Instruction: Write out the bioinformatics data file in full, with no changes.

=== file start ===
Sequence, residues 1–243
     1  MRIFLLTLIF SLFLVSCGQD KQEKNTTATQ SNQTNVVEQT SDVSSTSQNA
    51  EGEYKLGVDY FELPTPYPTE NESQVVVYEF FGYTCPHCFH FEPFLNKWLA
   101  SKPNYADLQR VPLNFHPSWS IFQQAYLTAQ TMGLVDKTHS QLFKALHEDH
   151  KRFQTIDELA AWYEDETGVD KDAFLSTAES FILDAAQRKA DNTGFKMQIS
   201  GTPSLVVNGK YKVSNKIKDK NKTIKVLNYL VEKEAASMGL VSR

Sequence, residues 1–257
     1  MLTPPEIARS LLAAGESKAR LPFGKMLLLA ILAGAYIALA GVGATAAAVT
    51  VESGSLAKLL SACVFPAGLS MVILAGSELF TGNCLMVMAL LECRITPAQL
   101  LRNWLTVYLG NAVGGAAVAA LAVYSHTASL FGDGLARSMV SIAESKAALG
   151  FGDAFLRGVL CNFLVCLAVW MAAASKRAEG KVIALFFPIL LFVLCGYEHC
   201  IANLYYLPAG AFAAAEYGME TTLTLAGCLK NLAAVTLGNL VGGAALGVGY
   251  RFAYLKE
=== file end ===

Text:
Sequence, residues 1–243
     1  MRIFLLTLIF SLFLVSCGQD KQEKNTTATQ SNQTNVVEQT SDVSSTSQNA
    51  EGEYKLGVDY FELPTPYPTE NESQVVVYEF FGYTCPHCFH FEPFLNKWLA
   101  SKPNYADLQR VPLNFHPSWS IFQQAYLTAQ TMGLVDKTHS QLFKALHEDH
   151  KRFQTIDELA AWYEDETGVD KDAFLSTAES FILDAAQRKA DNTGFKMQIS
   201  GTPSLVVNGK YKVSNKIKDK NKTIKVLNYL VEKEAASMGL VSR

Sequence, residues 1–257
     1  MLTPPEIARS LLAAGESKAR LPFGKMLLLA ILAGAYIALA GVGATAAAVT
    51  VESGSLAKLL SACVFPAGLS MVILAGSELF TGNCLMVMAL LECRITPAQL
   101  LRNWLTVYLG NAVGGAAVAA LAVYSHTASL FGDGLARSMV SIAESKAALG
   151  FGDAFLRGVL CNFLVCLAVW MAAASKRAEG KVIALFFPIL LFVLCGYEHC
   201  IANLYYLPAG AFAAAEYGME TTLTLAGCLK NLAAVTLGNL VGGAALGVGY
   251  RFAYLKE